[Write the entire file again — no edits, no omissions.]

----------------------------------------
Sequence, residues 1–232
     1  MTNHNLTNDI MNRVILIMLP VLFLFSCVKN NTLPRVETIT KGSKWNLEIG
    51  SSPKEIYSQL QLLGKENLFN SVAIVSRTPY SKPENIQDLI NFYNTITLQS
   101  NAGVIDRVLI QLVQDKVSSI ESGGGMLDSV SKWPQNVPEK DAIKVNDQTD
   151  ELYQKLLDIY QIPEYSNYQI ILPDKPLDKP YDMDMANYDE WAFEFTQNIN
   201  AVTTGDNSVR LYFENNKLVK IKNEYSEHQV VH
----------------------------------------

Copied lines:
Sequence, residues 1–232
     1  MTNHNLTNDI MNRVILIMLP VLFLFSCVKN NTLPRVETIT KGSKWNLEIG
    51  SSPKEIYSQL QLLGKENLFN SVAIVSRTPY SKPENIQDLI NFYNTITLQS
   101  NAGVIDRVLI QLVQDKVSSI ESGGGMLDSV SKWPQNVPEK DAIKVNDQTD
   151  ELYQKLLDIY QIPEYSNYQI ILPDKPLDKP YDMDMANYDE WAFEFTQNIN
   201  AVTTGDNSVR LYFENNKLVK IKNEYSEHQV VH